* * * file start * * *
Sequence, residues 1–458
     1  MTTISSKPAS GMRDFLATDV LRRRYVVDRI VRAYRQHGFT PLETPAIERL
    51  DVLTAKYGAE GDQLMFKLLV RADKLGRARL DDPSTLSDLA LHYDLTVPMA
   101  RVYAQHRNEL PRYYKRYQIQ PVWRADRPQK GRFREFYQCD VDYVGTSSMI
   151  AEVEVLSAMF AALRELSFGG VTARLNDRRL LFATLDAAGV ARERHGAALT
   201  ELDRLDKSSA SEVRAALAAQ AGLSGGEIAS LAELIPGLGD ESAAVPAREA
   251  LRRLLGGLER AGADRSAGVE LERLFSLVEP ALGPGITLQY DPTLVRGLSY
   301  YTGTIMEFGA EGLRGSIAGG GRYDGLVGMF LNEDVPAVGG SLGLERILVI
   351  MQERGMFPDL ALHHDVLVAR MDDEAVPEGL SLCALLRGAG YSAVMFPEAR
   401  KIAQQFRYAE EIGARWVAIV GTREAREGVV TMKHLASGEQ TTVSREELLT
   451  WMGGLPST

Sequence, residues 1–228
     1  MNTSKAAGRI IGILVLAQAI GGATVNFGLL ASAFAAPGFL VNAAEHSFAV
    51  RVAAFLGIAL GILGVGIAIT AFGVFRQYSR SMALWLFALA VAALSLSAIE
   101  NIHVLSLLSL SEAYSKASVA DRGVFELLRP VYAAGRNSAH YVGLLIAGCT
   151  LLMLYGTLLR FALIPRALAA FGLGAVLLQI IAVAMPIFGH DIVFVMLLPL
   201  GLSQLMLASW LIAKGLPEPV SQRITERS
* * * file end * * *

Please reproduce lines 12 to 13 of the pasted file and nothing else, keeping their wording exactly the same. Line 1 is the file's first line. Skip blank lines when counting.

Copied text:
Sequence, residues 1–228
     1  MNTSKAAGRI IGILVLAQAI GGATVNFGLL ASAFAAPGFL VNAAEHSFAV